Title: The global pipeline of new GM crops: implications of asynchronous approval for international trade
Authors: STEIN Alexander JivrajRODRIGUEZ CEREZO Emilio
Publisher: European Commission
Publication Year: 2009
JRC Publication N°: JRC51799
ISBN: 978-92-79-12603-1
ISSN: 1018-5593
Other Identifiers: EUR 23846 EN
OPOCE LF-NA-23846-EN-C
URI: http://ipts.jrc.ec.europa.eu/publications/pub.cfm?id=2420
http://publications.jrc.ec.europa.eu/repository/handle/JRC51799
DOI: 10.2791/12087
Type: EUR - Scientific and Technical Research Reports
Abstract: In this report we described the current status of GM crops approved worldwide and the likely future developments for the short to medium term, for all relevant crops from all countries. Everywhere the commercialisation of these new GM crops is a regulated activity and different countries have different authorisation procedures. Therefore new GM crops do not get simultaneously approved in all countries. This "asynchronous approval" (AA) of GM crops is of growing concern for its potential economic impact on international trade, especially if crop importing countries operate a "zero tolerance" policy that may result in rejections of imports that contain only traces of not yet authorised GMOs; a similar problem of "low-level presence" (LLP) of unapproved GM material in imports arises when developers of new GM crops did not seek approval for commercialisation in export markets in the first place. In the EU both AA and LLP have already caused trade disruption and economic problems, in particular for the EU feed and livestock sectors. To forecast the future evolution of AA/LLP, expected new GM crops were classified in five categories according to their proximity to market, they were discussed crop-wise, and their possible authorisation by the different trading partners of the EU were considered. The prediction is that while currently there are around 30 commercial GM events cultivated worldwide, by 2015 there will be over 120. Therefore, if problems of AA/LLP have occurred with 30 events in the market, these are likely to intensify when moving from 30 to 120 available events. Moreover, individual GM events can easily be combined ("stacked") by conventional cross-breeding. Given the growing pipeline of individual events, it is evident that in countries where stacked GM crops are required to go through the regulatory system as a new GM crop, this will create an increasingly large number of new "approvable" GMOs. Yet, apart from AA, also the issue of LLP of is bound to increase with more of the new GM crops being developed by national technology providers in Asia for their domestic agricultural markets, as these developers may not submit all of their GM crops for approval in potential export markets. Overall it is expected that next to the current major GM crops (soybeans, maize, rapeseed and cotton) and some minor ones, in the medium term also GM potatoes and GM rice will be commercialised. Apart from the current main traits (insect resistance, herbicide tolerance or a combination of both), new commercial traits covering crop composition and abiotic stress tolerance will become available. For stakeholders in the global food and feed chain the main problem of AA/LLP is the economic risk of rejections of shipments at the EU border. Part of this problem consists of the "destination risk", i.e. the official testing for unauthorised GM material in the port of destination only ¿ when a cancellation of the shipment is impossible and when its re-direction is costly. Also, given the bulk handling of grains in international trade, compliance with a zero tolerance threshold for LLP is impossible. Therefore exporters may choose to sell their grain to "preferred buyers" who are known to create little problems. Moreover, the price of grain is determined based on quality and quantity with a strong relationship between price, specifications and risk ¿ the latter of which is increased if there is uncertainty whether compliance with LLP regulations is possible. Or, if the risk cannot be managed, there will be no trade at all. Higher prices and potential supply bottlenecks also mean that EU businesses that are dependent on cheap imports of agricultural commodities, like livestock farming, may have to relocate abroad.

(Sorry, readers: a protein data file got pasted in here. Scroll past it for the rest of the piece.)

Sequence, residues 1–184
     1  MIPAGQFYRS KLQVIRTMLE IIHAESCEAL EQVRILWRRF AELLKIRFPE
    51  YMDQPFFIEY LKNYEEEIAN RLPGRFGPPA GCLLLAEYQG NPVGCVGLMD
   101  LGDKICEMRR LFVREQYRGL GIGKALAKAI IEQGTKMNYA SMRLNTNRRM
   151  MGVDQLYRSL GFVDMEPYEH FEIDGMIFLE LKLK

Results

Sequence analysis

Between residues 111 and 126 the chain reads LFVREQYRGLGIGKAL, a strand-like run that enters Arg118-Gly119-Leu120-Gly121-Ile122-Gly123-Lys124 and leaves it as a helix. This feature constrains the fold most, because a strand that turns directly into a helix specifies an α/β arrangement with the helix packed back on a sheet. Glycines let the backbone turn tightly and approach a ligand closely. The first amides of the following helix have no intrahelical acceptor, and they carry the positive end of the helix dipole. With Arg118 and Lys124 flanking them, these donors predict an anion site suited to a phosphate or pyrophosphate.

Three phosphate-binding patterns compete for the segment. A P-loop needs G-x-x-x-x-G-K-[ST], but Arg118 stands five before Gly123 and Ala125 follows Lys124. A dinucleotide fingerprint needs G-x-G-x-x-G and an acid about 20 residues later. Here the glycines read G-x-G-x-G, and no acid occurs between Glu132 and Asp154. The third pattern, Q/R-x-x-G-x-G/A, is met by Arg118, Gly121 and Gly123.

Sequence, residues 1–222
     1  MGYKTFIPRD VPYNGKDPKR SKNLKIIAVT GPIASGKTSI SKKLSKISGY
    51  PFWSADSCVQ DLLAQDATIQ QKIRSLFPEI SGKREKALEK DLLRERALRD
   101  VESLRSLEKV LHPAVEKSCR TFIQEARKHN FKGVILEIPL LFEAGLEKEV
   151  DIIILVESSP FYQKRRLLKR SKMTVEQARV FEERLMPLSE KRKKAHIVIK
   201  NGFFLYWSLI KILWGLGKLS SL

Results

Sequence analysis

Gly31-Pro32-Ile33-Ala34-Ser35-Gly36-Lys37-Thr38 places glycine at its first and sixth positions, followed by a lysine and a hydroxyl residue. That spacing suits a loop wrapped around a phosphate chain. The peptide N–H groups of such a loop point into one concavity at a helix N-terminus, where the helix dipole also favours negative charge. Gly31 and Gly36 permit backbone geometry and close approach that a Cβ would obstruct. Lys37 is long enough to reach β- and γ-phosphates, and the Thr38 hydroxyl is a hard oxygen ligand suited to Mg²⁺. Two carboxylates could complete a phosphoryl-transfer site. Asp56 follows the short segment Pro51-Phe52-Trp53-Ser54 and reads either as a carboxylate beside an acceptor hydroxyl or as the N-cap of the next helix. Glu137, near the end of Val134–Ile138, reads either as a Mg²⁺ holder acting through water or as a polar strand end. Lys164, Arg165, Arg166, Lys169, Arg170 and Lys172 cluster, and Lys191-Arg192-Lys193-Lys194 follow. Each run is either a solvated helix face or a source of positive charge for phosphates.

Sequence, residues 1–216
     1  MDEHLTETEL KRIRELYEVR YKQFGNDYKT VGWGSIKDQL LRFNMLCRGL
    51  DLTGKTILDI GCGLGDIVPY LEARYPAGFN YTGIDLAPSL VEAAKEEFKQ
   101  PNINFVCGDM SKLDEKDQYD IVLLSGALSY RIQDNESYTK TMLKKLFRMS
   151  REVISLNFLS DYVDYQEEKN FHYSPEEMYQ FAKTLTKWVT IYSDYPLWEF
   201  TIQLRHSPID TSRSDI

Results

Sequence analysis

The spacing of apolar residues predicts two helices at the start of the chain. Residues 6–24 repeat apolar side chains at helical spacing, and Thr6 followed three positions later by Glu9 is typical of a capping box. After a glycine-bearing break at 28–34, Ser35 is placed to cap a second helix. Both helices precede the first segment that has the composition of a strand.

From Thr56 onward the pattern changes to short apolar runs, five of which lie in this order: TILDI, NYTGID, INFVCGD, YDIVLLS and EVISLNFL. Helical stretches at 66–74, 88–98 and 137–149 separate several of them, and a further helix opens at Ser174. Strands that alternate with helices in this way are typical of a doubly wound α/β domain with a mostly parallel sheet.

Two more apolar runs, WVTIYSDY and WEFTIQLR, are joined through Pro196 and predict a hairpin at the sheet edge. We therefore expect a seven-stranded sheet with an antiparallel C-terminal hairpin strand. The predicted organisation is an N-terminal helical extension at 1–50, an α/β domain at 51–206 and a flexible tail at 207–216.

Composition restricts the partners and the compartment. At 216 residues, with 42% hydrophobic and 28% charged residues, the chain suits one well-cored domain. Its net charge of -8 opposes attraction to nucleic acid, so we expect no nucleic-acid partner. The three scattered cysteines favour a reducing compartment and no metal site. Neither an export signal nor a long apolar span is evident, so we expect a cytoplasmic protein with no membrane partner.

JRC Institute:Institute for Prospective Technological Studies

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